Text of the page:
Time to do another “travel series” post after the last Tripadvisor post a few months ago.
GDS – The business
The so-called “GDS” (short form of Global Distribution System) is one of the oldest “platform business” I know about.
Basically (and as far as I understand it), it is a real-time repository of available airplane seats, hotel rooms and rental cars from different suppliers (airlines, Hotels etc.). This repository can then be accessed by travel agents, OTAs etc. in order to book these offers for their ultimate clients. The GDS charge money both for access to the system and transactions. The added value comes clearly from the fact that they act as a single interface to many different back-end systems on the supplier side.
One story which is currently making the rounds is that of Warren Buffett’s huuuuuuuuuuge cash pile or “war chest” at Berkshire.
Bloomberg had an article in May about the 86 bn “war chest” , and then 2 days ago Bloomberg said that his “cash pile” is now close to 100 bn USD.
Speculations are rampant what he could do with it for instance:
As mentioned a few days ago, ALD SA has been IPOed by parent SocGen on June 16th. SocGen sold ~23% of the stock and remains majority shareholder. The first question of course is: why did they do this ?
The official reason was the following:
The IPO confirms the strategic nature of ALD within Societe Generale group. It will allow ALD to accelerate its development and become a leader in a rapidly changing mobility space.
Ted Seides, the author of this book came to some fame because of his 2007 bet with W. Buffett where he claimed that he could pick 5 (hedge) fund-of-fund managers which would outperform the S&P 500 over the next 10 years. He already admitted to have lost before the 10 years end.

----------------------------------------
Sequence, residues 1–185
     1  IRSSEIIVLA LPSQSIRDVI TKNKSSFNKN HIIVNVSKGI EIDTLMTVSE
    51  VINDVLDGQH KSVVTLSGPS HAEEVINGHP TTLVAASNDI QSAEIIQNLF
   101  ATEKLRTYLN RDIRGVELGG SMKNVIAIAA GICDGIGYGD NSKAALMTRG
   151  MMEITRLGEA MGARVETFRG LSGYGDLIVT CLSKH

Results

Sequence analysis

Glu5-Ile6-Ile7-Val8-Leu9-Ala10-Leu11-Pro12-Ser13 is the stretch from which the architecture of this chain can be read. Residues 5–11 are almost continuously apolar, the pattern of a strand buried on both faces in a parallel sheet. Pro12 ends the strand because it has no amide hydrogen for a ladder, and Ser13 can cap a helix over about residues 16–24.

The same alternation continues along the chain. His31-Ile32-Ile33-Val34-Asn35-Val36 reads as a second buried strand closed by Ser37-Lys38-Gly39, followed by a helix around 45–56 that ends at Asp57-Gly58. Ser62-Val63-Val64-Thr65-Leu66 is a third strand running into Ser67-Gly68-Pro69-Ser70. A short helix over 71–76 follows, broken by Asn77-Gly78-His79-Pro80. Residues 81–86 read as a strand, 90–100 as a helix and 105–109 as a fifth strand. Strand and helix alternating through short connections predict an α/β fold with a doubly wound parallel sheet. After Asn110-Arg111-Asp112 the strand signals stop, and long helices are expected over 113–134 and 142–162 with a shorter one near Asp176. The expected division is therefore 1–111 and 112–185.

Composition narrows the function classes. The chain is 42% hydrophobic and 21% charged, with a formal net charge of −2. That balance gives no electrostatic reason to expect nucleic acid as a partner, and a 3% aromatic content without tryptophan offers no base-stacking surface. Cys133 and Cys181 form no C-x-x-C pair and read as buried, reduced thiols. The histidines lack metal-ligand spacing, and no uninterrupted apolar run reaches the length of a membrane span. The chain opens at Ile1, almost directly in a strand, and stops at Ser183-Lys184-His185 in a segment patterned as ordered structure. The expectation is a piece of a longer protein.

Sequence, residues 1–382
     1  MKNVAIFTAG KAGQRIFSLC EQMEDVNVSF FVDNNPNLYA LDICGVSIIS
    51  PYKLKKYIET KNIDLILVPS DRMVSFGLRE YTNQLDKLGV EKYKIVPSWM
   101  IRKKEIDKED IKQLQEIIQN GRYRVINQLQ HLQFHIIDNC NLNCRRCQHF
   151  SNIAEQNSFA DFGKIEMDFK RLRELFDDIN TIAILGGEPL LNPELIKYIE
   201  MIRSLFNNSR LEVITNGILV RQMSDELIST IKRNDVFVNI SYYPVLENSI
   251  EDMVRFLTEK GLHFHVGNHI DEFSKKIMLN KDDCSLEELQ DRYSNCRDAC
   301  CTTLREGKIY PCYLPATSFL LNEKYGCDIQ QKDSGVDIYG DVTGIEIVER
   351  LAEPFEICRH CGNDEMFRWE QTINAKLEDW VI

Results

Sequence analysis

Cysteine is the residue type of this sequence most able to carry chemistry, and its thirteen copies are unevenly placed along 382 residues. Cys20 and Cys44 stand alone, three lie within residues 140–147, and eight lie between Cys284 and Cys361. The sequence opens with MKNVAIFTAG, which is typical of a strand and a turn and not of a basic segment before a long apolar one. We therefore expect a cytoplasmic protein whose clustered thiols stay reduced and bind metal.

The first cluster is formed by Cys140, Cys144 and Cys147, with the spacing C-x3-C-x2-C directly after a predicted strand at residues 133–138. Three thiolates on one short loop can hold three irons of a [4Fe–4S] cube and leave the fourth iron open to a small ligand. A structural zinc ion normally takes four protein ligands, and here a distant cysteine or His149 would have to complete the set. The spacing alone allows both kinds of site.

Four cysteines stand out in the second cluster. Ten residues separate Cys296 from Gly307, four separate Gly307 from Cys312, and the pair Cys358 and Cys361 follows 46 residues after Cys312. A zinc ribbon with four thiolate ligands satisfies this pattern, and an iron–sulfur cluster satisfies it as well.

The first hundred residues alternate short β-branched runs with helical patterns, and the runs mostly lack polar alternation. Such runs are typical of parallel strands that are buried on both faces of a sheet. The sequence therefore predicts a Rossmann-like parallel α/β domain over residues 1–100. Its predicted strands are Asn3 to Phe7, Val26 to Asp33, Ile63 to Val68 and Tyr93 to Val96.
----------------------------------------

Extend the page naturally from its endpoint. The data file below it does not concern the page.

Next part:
I had briefly written about the Metro/Ceconomy Spin-off in January. After some legal hassles, the spin-off took place last week last.
This is what I wrote back then:
With 327 mn shares outstanding, this would translate into ~6,20 EUR per share as a lower bound value for Ceconomy under my (very rough assumptions).
It think at or below this price, Ceconomy could be an interesting “Ugly duck” spin-off investment.
Interestingly, Ceconomy had a very good start, opening around 9,40 EUR and has gone above 10 EUR per share, far above my buying threshold.
Perfomance 6M 2017:
In the first 6 months of 2017, the blog portfolio gained +16,0% (including dividends, no taxes) against 9,28% for the Benchmark (Eurostoxx50 (Perf.Ind) (25%), Eurostoxx small 200 (25%), DAX (30%), MDAX (20%)). Since inception, the score is now +174,6% vs. 89,4% for the benchmark. The full details (and graph) as always on the performance page.
Some other funds that I follow have performed as follows in 6M 2017:
Partners Fund TGV: +10,88%
Squad European Convictions +17,65%
Squad Aguja +9,48%
Ennismore European Smaller Cos 1,87% (in EUR)
Frankfurter Aktienfonds für Stiftungen +10,24%
Evermore Global Value +2,22%
Greiff Special Situation +8,55%
A lot has happened over the last few weeks for my 4 largest special situation investments:
Actelion / Idorsia
The original Actelion idea was very simple: Buy an M&A target at a small discount which is relatively safe and get something (the Idorsia spin-off) extra which no one seemed to have noticed.
Although the case played out exactly as I thought and Idorsia even seems to be worth more than I assumed, I only made around +4% on it. Not bad for around 5 months but not great either.
Looking back I think I made 3 mistakes: